With summer finally arrived, and the prospect of rain diminished for a few weeks at least, many of us will be removing our heavy duty winter tyres and fitting lighter, faster rubber.
While wear is easy to detect on a treaded tyre, the warning signs can be harder to find on rubber with a smooth, ‘slick’ surface.
‘Summer tyres’ are typically lighter, more supple, and with a softer, grippier compound than the high-durability rubber many of us choose for winter.
We caught up with Jon Hayes, mechanic at independent bike shop, Ride, to learn the tell-tale signs of worn summer rubber.
Checking for wear
While a slick tyre has no tread, the rolling surface is still subject to wear. As the rubber reduces, the ‘top’ of the tyre – the section in contact with the road – becomes flatter.
“A new tyre will have a very round profile, so when it’s up to full pressure, you’ll be rolling on a very small patch of rubber to keep the rolling resistance low,” says Jon.
As the tyre becomes worn, and the ‘top’ section flattens, the contact patch increases, and with it, rolling resistance. Additionally, the rubber becomes thinner with wear, and so easier for road debris to penetrate.
Jon warns that this flattening effect is most likely to occur first on the rear tyre – the ‘drive’ tyre. A quick examination of his own summer bike reveals that while the ‘flattening’ effect is already present on the rear tyre, the centre ridge and moulding marks are still in place on the front.
Providing the front tyre does not suffer cuts from stones or glass, it can last up to two or three times as long as the rear. Given their different wear rates, should a front tyre be replaced at the same time as the rear? “Ideally, keep a matching pair,” says Jon, “but if the front tyre’s in good shape, I wouldn’t change it just for the sake of it.”
If you’re riding to a budget, it’s possible to replace a worn rear tyre with a relatively unworn front tyre, and to fit a new tyre to the front. But Jon cautions that front and rear tyres perform a different task, and adds that manufacturers increasingly sell tyres with different compounds for their allotted roles as a designated pair.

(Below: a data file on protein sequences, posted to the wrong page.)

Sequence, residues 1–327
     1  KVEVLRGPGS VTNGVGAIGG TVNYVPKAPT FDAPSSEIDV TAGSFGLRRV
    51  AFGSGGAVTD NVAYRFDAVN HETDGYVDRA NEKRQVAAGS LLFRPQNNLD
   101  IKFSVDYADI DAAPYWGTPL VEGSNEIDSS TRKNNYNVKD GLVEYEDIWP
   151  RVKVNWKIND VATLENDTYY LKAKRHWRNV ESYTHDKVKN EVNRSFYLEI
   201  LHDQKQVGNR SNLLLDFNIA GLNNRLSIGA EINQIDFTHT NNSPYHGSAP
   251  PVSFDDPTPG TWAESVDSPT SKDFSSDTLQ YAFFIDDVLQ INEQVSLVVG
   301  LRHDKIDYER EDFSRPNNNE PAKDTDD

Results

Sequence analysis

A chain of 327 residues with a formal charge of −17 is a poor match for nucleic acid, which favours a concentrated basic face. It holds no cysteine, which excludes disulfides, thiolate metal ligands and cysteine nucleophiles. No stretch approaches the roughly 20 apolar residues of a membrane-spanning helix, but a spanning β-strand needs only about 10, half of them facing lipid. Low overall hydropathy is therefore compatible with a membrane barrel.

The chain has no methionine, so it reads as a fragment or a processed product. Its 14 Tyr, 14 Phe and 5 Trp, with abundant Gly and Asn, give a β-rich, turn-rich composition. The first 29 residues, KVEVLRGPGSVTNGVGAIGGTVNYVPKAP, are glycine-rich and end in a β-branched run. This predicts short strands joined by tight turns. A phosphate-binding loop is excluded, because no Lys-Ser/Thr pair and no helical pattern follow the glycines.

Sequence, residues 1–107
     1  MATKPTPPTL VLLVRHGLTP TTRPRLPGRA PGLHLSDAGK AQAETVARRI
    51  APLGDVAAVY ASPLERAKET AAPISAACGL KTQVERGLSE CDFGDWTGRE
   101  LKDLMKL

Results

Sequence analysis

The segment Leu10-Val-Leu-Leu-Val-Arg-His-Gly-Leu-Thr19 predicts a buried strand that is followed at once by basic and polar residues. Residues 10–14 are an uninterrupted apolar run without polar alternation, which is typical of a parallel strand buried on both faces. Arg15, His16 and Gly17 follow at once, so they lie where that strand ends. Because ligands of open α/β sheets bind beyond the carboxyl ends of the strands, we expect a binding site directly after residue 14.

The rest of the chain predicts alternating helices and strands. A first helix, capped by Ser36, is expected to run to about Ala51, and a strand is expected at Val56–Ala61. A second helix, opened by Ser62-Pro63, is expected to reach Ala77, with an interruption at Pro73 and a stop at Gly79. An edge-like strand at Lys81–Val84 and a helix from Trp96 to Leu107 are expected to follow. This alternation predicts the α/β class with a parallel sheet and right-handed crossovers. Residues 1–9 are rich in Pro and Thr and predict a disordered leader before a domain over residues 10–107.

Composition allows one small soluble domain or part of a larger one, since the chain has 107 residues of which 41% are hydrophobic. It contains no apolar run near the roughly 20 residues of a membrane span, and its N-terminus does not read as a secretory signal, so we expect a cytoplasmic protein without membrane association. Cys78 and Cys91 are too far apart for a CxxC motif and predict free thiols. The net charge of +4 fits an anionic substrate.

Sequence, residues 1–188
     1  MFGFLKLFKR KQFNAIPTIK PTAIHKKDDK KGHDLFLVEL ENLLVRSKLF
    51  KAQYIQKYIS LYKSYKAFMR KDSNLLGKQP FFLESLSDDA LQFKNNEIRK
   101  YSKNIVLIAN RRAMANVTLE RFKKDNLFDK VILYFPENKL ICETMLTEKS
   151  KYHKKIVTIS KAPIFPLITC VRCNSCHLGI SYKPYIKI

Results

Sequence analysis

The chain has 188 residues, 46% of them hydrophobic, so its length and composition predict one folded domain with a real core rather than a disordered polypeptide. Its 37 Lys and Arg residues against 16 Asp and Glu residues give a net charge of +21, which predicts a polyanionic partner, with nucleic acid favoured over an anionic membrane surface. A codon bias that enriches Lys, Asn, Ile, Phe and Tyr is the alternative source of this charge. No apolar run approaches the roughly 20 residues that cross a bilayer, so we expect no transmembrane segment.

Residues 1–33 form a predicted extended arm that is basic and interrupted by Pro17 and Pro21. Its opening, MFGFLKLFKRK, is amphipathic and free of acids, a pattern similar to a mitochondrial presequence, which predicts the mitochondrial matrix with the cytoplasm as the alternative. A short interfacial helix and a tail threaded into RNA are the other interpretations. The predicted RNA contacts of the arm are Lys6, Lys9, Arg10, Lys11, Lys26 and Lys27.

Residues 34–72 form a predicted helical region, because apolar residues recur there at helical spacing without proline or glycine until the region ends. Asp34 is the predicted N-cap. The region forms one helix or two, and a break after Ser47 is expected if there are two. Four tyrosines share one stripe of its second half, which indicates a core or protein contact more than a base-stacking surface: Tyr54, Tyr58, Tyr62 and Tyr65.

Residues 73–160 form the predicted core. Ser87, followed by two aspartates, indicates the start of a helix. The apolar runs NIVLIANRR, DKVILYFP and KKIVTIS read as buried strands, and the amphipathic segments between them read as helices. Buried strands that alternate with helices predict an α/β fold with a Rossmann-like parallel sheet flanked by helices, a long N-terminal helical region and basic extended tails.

Checking the sidewalls
Perishing is typically the first sign of wear on a tyre’s sidewall. Ultraviolet rays in sunlight and the chemicals in cleaning products are just two factors that can cause the sidewall to degrade, says Jon.
The dreaded ‘ping’ of an object hitting your spokes after escaping from beneath the tyre of a riding buddy should also give cause to check the sidewall. “If it’s a piece of glass or sharp flint, that can cut the sidewall of the tyre,” says Jon. “If they get knicked, they’ll open up.”
A very worn sidewall can take on a ‘furry’ appearance as the threads of the carcass emerge, but wear to the sidewall occurs at a much slower rate than to the rolling surface. Put simply, a tyre should have been replaced long before the sidewall has degraded.
Checking the bead
All other checks mentioned in this article can be performed with the tyre in place. To check the bead, however, you must remove it from the wheel.
The bead hooks the tyre to a clincher rim (tubular tyres or ‘tubs’ are glued to the rim) and are typically made from steel or Kevlar. The latter is much lighter and more likely to be a feature of a summer tyre.
Damage can be caused by constant removal and refitting or by the use of “heavy duty” tyre levers, says Jon. “If the bead is damaged, it won’t hook on to the rim effectively, and could be blown off by the pressure in the inner tube. Any damage to the bead – that’s a bin job.”
Checking for debris
Jon completes a visual check of his tyres before every ride, looking for small slashes that may allow a small stone or a piece of glass to work through the carcass of the tyre to the inner tube.
The offending items can be removed by any pointed object, but take care to ensure you do not cause further damage to the tyre.
“You’re not delving too deeply into the tyre,” Jon says. “If you gently squeeze the sidewalls of the tyre, the slit will usually open up and you can see the object.”
There isn’t a special tool available for the purpose. Any thin, pointed object, such as a door key, can be used to prise out the debris.
Many tyres contain a puncture protection belt, but if the object is large or sharp enough, even this defence may be breached, says Jon.
“If it’s a good quality tyre, the belt might be enough to keep that object at bay, but it’s still a good idea to remove debris, if only for peace of mind.”
Check back next week when Jon will give his tips on selecting a summer tyre